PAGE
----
Laboratories are an essential component of a food control system. The establishment of laboratories requires considerable capital investment and they are expensive to maintain and operate. Therefore careful planning is necessary to achieve optimum results. The number and location of the laboratories should be determined in relation to the objectives of the system and the volume of work. If more than one laboratory is required, consideration should be given to apportioning the analytical work to achieve the most effective coverage of the food analyses to be performed and also to having a central reference laboratory equipped for sophisticated and reference analyses.
All food analysis laboratories may not be under the control of one agency or ministry, and a number could be under the jurisdiction of the states, provinces and local authorities. The Food Control Management should, however, lay down the norms for food control laboratories and monitor their performance.
The laboratories should have adequate facilities for physical, microbiological and chemical analyses. In addition to simple routine analysis, the laboratories can be equipped with more sophisticated instruments, apparatus and library facilities as required. It is not only the type of equipment that determines the accuracy and reliability of analytical results but also the qualification and skill of the analyst and the reliability of the method used. The analytical results of a food control laboratory are often used as evidence in a court of law to determine compliance with regulations or standards of the country. It is therefore necessary that utmost care be taken to ensure the efficient and effective performance of the laboratory. The introduction of analytical quality assurance programmes and accreditation of the laboratory by an appropriate accreditation agency within the country or from outside, enables the laboratory to improve its performance and to ensure reliability, accuracy and repeatability of its results. Prescription of official methods of sampling and analysis also support this effort.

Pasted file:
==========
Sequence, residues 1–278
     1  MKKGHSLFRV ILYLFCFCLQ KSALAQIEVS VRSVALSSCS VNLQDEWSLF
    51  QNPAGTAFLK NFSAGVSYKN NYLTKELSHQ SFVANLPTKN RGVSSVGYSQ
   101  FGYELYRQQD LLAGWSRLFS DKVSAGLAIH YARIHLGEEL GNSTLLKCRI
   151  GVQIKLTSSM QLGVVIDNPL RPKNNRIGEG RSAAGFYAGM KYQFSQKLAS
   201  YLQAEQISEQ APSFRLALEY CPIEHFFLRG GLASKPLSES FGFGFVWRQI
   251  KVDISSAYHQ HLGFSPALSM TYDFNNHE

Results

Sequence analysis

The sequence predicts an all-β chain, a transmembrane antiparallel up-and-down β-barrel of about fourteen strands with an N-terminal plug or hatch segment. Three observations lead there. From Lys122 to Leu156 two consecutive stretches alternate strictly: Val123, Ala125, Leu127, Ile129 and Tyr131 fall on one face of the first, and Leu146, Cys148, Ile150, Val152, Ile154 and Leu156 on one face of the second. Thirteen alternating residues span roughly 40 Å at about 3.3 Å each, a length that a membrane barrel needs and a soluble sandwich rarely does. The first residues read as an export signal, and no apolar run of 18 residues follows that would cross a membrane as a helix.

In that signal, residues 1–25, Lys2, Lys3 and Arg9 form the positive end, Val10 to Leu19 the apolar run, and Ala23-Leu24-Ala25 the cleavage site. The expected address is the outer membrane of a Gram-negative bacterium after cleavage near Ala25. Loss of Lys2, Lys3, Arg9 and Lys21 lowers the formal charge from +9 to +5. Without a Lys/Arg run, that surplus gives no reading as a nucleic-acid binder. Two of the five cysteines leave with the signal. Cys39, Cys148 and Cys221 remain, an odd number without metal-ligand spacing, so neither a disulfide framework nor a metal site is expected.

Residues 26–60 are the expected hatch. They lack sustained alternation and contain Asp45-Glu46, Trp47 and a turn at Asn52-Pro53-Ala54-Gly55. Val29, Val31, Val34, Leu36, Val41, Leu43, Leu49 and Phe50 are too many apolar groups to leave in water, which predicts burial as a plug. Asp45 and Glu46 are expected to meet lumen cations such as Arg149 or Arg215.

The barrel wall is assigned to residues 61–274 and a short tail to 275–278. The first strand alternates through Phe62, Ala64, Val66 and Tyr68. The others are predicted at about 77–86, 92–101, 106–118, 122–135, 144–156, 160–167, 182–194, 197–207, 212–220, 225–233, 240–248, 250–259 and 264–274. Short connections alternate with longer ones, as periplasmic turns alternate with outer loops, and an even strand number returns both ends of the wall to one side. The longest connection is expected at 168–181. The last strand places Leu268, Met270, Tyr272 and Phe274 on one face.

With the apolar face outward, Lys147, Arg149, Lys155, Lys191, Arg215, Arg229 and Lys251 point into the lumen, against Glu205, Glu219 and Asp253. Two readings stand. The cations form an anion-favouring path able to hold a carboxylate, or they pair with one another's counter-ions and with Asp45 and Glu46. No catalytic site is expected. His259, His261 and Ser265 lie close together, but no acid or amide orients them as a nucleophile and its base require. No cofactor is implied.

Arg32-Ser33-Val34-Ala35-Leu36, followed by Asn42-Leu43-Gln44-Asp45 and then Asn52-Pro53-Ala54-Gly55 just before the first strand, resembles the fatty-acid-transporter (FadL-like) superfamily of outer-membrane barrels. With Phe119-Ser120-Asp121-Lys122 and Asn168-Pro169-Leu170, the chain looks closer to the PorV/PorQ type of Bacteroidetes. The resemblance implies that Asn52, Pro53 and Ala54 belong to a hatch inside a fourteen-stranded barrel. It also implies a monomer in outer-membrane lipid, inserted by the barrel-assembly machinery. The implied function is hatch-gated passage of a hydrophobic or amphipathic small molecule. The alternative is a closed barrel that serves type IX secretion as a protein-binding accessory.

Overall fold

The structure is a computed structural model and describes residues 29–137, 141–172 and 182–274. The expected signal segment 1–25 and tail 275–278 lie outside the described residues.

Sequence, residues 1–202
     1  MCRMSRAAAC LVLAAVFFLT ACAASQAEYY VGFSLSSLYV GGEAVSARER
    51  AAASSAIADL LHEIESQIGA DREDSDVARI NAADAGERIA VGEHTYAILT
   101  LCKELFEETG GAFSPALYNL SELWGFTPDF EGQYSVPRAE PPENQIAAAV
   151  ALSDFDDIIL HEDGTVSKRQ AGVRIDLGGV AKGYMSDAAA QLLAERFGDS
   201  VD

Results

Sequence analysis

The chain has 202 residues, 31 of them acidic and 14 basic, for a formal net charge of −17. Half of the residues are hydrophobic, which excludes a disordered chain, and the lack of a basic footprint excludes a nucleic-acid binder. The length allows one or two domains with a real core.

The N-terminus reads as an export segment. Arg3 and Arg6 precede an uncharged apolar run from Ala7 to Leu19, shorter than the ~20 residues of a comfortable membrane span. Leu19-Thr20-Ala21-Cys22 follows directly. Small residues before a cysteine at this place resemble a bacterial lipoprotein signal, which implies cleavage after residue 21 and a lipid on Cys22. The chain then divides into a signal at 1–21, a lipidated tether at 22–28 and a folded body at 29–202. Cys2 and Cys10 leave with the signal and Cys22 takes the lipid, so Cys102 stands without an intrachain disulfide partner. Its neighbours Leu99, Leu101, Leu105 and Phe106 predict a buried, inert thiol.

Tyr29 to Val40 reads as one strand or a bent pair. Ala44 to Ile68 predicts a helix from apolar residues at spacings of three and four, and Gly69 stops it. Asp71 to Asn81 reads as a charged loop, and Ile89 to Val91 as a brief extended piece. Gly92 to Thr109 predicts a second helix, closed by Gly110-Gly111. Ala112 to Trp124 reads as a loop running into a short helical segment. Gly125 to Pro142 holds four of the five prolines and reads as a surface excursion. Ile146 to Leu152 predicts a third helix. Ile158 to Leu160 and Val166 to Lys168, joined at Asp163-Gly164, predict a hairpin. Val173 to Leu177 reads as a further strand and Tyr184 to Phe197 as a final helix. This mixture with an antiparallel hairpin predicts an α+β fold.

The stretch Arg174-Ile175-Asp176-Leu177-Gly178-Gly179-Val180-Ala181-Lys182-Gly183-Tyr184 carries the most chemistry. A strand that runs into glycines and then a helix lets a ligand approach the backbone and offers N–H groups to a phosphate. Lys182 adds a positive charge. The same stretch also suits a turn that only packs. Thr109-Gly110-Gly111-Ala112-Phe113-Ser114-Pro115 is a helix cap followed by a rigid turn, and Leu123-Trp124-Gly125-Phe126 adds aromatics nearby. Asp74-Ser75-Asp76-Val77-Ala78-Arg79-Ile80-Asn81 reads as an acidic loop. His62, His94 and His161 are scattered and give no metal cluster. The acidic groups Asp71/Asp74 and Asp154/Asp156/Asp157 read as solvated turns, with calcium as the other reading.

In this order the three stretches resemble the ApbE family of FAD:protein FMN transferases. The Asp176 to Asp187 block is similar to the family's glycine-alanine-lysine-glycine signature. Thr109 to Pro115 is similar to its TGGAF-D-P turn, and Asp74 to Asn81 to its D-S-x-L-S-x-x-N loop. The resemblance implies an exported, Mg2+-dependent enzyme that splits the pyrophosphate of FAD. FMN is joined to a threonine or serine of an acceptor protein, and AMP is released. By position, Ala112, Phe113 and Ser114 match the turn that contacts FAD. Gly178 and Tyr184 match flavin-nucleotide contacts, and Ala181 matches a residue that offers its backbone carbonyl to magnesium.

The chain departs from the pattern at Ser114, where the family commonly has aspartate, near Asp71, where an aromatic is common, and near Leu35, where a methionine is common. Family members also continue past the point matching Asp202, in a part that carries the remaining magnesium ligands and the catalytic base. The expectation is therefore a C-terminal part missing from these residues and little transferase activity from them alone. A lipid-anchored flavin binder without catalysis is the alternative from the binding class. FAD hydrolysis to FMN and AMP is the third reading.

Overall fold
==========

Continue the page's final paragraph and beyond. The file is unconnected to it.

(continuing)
An important element of a national food control system is its integration in a national food safety system so that links between food contamination and foodborne diseases can be established and analyzed. Access to reliable and current intelligence on the incidence of foodborne illness is critical. The laboratory facilities for this type of activity are generally situated outside the food control agencies. It is essential, however, that effective linkages are established between food control agencies and the public health system including epidemiologists and microbiologists. In this way information on foodborne diseases may be linked with food monitoring data, and lead to appropriate risk-based food control policies. This information includes annual incidence trends, identification of susceptible population groups, identification of hazardous foods, identification and tracing of causes of foodborne diseases, and the development of early warning systems for outbreaks and food contamination.
An increasingly important role for food control systems is the delivery of information, education and advice to stakeholders across the farm-to-table continuum. These activities include the provision of balanced factual information to consumers; the provision of information packages and educational programmes for key officials and workers in the food industry; development of train-the-trainer programmes; and provision of reference literature to extension workers in the agriculture and health sectors.
Food control agencies should address the specific training needs of their food inspectors and laboratory analysts as a high priority. These activities provide an important means of building food control expertise and skills in all interested parties, and thereby serve an essential preventive function.